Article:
Eisai, Takeda and GARDP hunt for new antibiotics
The not-for-profit Global Antibiotic Research and Development Partnership has joined forces with Eisai and Takeda to search for new antibiotics.
Under a new agreement the Japanese pharma companies will access and screen molecules from Eisai and Takeda’s chemical libraries.
Both libraries will be tested by the Institut Pasteur Korea, in order to discover novel compounds with antibacterial activity.
The compounds are newly emerged from Eisai and Takeda’s latest development efforts and have never been screened for antibacterial activity.
They will be tested against bacteria identified as a critical priority by the World Health Organization (WHO).
The WHO has identified gram negative bacterial infections as a global public health priority.
This agreement supports GARDP’s mission to tackle serious bacterial infections by developing affordable antibiotics.
Antimicrobial resistance is becoming a major public health concern because there are few antibiotics in development, while around 700,000 people die from drug resistant infections each year.
Dr Seamus O’Brien, research and development director at GARDP, said: “GARDP is very excited about this partnership. Not only can partnerships like this accelerate the discovery of new antibiotics, they can also support the pharmaceutical sector in staying engaged in antibiotic R&D.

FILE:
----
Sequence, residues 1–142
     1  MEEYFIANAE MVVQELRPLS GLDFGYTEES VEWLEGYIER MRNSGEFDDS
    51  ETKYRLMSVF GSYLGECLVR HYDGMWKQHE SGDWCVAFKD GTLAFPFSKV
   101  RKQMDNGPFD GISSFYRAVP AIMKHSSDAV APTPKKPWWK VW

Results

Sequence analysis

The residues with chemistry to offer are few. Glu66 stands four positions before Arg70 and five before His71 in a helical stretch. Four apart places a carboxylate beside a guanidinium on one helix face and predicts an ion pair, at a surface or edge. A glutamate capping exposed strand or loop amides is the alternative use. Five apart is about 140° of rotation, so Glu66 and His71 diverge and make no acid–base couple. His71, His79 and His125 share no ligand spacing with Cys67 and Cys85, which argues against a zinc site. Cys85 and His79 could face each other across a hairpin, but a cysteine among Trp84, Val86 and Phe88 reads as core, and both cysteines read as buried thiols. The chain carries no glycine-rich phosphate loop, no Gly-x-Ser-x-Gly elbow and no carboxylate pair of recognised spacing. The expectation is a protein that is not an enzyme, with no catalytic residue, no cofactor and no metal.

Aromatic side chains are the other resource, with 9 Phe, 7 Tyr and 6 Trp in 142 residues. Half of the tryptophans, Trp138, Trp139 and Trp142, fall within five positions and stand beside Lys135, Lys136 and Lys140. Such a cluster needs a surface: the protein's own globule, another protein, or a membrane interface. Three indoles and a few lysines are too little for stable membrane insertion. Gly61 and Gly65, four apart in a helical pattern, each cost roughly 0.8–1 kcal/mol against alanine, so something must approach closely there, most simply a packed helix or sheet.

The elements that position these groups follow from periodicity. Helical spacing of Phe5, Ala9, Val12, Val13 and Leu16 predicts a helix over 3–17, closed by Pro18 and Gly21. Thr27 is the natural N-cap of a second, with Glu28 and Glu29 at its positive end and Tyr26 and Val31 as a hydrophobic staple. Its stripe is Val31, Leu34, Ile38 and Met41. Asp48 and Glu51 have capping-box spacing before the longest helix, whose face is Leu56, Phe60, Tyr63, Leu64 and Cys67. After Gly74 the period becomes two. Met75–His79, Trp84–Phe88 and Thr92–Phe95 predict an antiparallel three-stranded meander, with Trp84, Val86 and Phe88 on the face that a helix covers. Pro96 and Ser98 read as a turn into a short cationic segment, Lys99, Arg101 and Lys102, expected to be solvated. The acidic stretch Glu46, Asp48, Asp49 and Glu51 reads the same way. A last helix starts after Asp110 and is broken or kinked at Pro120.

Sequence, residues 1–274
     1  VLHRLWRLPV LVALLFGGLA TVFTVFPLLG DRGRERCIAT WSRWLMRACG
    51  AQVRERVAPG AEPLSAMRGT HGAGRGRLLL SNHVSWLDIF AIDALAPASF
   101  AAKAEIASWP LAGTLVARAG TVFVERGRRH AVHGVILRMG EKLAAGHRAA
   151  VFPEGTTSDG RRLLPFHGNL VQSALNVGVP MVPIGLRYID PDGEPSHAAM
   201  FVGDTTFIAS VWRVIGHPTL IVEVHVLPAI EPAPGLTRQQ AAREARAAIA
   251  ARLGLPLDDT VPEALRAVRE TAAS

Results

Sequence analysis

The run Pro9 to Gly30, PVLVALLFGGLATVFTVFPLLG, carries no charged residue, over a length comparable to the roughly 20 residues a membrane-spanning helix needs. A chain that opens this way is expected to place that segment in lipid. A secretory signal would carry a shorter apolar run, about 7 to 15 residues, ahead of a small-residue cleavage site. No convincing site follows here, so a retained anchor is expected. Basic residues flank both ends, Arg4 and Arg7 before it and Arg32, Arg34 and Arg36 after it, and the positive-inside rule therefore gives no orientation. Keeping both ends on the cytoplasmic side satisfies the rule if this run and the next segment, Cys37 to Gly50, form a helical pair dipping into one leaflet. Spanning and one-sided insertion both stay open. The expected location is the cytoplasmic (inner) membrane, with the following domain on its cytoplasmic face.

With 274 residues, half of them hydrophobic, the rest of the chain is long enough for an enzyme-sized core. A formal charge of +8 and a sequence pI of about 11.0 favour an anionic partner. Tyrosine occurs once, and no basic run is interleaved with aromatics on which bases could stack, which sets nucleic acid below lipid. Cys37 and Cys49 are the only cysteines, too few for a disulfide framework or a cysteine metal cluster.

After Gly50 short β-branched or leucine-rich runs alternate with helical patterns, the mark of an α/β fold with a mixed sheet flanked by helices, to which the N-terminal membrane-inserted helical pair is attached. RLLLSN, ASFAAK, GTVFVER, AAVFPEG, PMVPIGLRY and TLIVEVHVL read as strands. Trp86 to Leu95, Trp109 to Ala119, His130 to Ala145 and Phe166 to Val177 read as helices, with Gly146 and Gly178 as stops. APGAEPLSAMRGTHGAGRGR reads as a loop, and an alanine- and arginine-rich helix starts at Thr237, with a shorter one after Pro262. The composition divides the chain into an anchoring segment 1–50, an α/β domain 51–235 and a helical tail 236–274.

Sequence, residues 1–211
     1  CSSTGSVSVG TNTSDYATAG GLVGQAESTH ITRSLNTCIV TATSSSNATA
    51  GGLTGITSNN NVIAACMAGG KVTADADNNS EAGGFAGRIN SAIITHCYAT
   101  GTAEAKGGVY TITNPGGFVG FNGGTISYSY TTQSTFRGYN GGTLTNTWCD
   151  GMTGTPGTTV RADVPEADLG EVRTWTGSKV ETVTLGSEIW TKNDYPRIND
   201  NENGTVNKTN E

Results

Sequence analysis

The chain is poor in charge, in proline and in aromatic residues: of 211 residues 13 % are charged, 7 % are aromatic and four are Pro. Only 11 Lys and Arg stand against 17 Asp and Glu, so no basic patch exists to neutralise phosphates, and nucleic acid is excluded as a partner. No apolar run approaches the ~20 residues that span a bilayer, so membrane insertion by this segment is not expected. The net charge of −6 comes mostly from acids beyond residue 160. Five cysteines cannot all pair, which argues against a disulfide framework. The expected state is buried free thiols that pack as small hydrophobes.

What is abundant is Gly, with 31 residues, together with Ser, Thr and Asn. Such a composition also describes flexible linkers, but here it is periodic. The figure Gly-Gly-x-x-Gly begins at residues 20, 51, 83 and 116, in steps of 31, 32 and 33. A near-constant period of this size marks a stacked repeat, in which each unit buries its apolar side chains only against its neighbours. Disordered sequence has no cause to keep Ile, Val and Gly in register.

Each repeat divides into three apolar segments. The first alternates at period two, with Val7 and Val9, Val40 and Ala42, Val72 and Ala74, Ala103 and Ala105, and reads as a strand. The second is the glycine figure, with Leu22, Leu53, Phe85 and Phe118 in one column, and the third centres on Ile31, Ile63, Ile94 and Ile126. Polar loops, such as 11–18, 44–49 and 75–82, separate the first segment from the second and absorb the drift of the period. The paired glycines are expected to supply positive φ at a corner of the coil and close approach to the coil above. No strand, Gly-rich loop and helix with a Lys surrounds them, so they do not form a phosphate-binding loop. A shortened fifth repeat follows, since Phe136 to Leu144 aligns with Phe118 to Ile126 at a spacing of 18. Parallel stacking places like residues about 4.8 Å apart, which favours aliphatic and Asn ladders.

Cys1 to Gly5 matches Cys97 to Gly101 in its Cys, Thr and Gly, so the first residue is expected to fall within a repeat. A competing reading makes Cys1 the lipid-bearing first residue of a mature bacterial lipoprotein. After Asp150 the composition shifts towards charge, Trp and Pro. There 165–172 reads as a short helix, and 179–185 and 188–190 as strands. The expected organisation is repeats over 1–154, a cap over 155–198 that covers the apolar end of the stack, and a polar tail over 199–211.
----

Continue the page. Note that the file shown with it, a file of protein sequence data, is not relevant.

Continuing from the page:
“Overcoming antibacterial resistance is key to achieving universal health coverage. GARDP’s approach allows us to develop a drug from early exploratory to preclinical and clinical studies all the way to patients.”
Dr Kappei Tsukahara, Head of Tsukuba Research Laboratories at Eisai, said: “Eisai strongly identifies with GARDP’s efforts to discover novel antibiotics to treat drug-resistant bacterial infections which have become a threat to human beings and are pleased to provide our compound library for screening.
“We sincerely hope new medicines will be discovered through this partnership to realise a world in which lives are no longer lost to drug-resistant bacteria.”
Initiated by the WHO and the Drugs for Neglected Disease initiative, GARDP is an important element of WHO’s Global Action Plan on Antimicrobial Resistance that calls for new public-private partnerships to encourage research and development of new antimicrobial agents and diagnostics.
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